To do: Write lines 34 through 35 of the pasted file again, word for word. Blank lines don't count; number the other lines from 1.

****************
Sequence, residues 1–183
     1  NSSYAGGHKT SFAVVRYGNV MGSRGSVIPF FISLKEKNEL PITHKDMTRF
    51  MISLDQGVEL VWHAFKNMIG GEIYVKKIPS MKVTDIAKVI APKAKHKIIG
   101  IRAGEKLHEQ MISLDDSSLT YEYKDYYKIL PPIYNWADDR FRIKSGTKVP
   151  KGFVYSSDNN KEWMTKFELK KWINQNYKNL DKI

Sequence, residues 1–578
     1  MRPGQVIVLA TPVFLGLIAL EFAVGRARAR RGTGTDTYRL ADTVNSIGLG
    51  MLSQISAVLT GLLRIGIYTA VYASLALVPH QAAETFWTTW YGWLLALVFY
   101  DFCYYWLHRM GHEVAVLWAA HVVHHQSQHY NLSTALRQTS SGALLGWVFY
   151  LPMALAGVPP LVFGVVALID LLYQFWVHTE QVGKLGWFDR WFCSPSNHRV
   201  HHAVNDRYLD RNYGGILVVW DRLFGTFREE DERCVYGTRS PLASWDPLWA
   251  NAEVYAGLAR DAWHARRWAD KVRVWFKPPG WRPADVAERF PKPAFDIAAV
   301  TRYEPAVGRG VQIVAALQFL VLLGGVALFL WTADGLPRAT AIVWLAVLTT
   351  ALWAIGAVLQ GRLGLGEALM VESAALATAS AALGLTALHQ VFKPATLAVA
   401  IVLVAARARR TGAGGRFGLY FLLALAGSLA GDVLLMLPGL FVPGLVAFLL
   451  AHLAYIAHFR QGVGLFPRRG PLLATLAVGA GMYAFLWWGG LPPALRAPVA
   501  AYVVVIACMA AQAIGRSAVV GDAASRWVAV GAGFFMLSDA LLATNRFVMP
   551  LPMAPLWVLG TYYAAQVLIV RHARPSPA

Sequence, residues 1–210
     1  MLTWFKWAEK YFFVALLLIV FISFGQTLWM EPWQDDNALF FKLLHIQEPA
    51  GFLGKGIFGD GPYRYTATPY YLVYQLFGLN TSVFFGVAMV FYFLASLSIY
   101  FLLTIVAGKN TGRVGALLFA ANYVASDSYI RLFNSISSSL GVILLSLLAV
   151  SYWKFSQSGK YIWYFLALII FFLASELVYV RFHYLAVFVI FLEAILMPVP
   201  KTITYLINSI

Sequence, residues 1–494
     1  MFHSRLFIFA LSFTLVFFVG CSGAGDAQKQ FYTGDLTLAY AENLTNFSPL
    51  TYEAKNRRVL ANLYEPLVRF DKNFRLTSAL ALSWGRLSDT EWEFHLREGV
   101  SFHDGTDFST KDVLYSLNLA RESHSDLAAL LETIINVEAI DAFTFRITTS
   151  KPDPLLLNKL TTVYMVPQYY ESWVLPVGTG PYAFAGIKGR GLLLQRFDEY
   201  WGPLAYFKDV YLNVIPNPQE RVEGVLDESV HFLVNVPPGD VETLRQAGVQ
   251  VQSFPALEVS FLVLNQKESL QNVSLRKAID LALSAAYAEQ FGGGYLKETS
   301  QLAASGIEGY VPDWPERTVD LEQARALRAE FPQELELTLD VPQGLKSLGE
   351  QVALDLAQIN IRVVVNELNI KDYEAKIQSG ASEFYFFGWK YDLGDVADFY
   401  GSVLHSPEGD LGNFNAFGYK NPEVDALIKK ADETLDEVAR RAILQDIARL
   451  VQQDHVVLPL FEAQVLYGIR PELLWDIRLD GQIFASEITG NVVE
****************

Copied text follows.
   401  GSVLHSPEGD LGNFNAFGYK NPEVDALIKK ADETLDEVAR RAILQDIARL
   451  VQQDHVVLPL FEAQVLYGIR PELLWDIRLD GQIFASEITG NVVE